Mariah, outbound to France

This is my life so far and I love it. Can I stay forever?

I’m going to try to keep this in chronological order but more than likely I’ll stray from the point. I had a pretty nerve-wracking flight to Paris that I didn’t particularly enjoy, but the moment I reached the Clearmont-Ferrand airport I was at peace. I and a few other exchange students were greeted by our host families and some Rotarians.

We were all told to go to the international baggage pickup section but it took a while for everyone to notice. Thankfully I spotted the sign that said so and we made our way to grab our things. I’ve never gotten my luggage so quickly before, needless to say I was very content. Then the most interesting part came, greeting my host family and the other Rotarians…. In French. Thankfully, I had no problems at all with that and took many pictures then my host family and I made our way to the car.

My host dad had to go back to work so it was just me, my brother, sister, and mom. Since I’m so tall they insisted I sit in the front. (Also one of first things I was greeted with was “Wow you’re so tall!” Although I can’t remember who said it first) At this point I was exhausted but wanted to talk with my host family, it was so exciting to finally meet them! Everything felt so surreal. I was actually IN France and it was even more beautiful that I expected.

We had about an hour drive home and although my brain was barely functioning we managed to have a pretty nice conversation and I learned a lot of interesting things about the area. We also talked about how French men are very polite and them grabbing you two giant and heavy suitcases is normal and I should always let them, this was a bit odd for me but I loved it because at home I’m usually the one carrying the heavy suitcases and bags.

I was constantly saying “What is that?” “So pretty!” “ Wow, France is incredible!” By the end of the trip my host mom said how it was amusing that I said that about everything. I really did and still do find everything to be so beautiful, from the mountains to the small towns. When I finally arrived home all I wanted to do was sleep my host mom advised against it because it would ruin my sleeping schedule and boy was I happy my family kept me up.

My brother and sister showed me this card game that I still don’t exactly understand no matter how much I play it. My host brother never loses though, I thought my sister was joking when she said it but he’s really never lost in all the times we’ve played. I didn’t have too much jet lag and quickly got on the same sleeping schedule as everyone else. The first day my sister helped me unpack and I gave my host brother all the candy I had packed for everyone (He was very happy, he LOVES candy.)

We had dinner and honestly I have no idea how to explain it without butchering the idea of the dish. It was potatoes and ham/bacon with cream kind of made into a pastry pie crust. It was absolutely amazing and at that moment I realized I was going to love all French food. This has proven true so far. In France, families eat just about every meal together if we can and there are no cell phones at the table. I really love this because it helps me with my language skills and made bonding with my family a lot easier. We also eat a lot of potatoes here which I didn’t expect but I love how they always differ in flavor and texture.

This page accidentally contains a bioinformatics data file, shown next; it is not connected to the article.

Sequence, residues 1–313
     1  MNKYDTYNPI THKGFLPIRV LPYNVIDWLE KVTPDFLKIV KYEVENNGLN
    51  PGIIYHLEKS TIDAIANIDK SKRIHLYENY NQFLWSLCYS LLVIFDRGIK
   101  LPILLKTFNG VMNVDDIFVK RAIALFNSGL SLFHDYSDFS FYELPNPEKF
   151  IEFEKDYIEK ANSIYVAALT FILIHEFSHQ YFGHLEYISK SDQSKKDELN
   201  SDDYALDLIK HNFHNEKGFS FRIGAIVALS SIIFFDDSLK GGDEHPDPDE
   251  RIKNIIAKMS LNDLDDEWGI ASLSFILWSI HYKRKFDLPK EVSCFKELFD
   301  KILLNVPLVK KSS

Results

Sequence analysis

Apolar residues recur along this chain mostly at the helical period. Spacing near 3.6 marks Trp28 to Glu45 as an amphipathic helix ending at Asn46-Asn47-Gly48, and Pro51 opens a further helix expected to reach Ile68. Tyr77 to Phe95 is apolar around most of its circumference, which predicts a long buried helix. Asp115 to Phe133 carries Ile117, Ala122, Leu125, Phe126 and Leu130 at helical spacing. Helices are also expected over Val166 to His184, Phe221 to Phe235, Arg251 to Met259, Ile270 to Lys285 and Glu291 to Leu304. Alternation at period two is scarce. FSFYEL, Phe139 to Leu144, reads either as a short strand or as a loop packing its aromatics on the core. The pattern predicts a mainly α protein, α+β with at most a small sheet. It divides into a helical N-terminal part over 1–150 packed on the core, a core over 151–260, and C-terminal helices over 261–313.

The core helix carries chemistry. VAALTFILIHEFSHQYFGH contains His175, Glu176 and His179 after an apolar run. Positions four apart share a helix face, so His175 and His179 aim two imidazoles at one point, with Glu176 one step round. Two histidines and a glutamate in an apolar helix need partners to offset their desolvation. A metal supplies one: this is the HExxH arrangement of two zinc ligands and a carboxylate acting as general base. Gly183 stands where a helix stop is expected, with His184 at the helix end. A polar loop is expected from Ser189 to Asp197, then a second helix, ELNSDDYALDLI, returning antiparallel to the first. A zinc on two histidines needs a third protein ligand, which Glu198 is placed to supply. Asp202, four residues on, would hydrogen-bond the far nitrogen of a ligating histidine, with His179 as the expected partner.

Over the course of the next few days I visited some beautiful small towns and really got to know my host family better. My little brother loves candy and burgers and doesn’t enjoy vegetables so we often joke that he’s a little American, much to his dismay. He’s also a good sport about it though. My host sister is the same age as me and super funny and sweet! My entire family is perfect honestly. I feel like I couldn’t have been placed in a better first host family. It hasn’t been long but I love them all so much.

Now, on to my French skills! The first few days I was a bit lost, I would hear and recognize words but they just didn’t seem to process into sentences. So I would repeat whatever confused me and that usually results in a fun game of charades. My favorite time was when my family was explaining that the cheese I liked so much was goat cheese and everyone baa’ed at me. I said sheep but my brother thankfully came in and he said goat.

After being here a few weeks, I now understand most of the things being said and if I don’t, I’ll ask my host family to explain. I was shocked that I knew so much of the language after only about three weeks but I’m not complaining! The only difficulty I have language wise is expressing what I mean. Even though I understand so well, actually using the words I know to form a complete sentence is a whole other challenge. It gets very frus- trating from time to time when I’m at school or have something to say during a conversation but I just can’t find the words. I know this will get better in the coming months but for now I’ll just continue studying my pronunciation and vocabulary.

The weather has been perfect since I’ve been here, not too cold, not too hot. It’s rained once or twice but it was more of a drizzle. We had a Rotary camp for the entire district the very first weekend I was here and it was super fun! The night before I went to the camp I slept at my counselor’s house but we went to a rock and roll concert, French style. The band and crowd was pretty small but it was really an interesting atmosphere. Lots of people were smoking, as usual and at one point I ended up playing some sort of limbo with strangers who were carrying stage equipment and turned it into a game. It was a really great experience overall.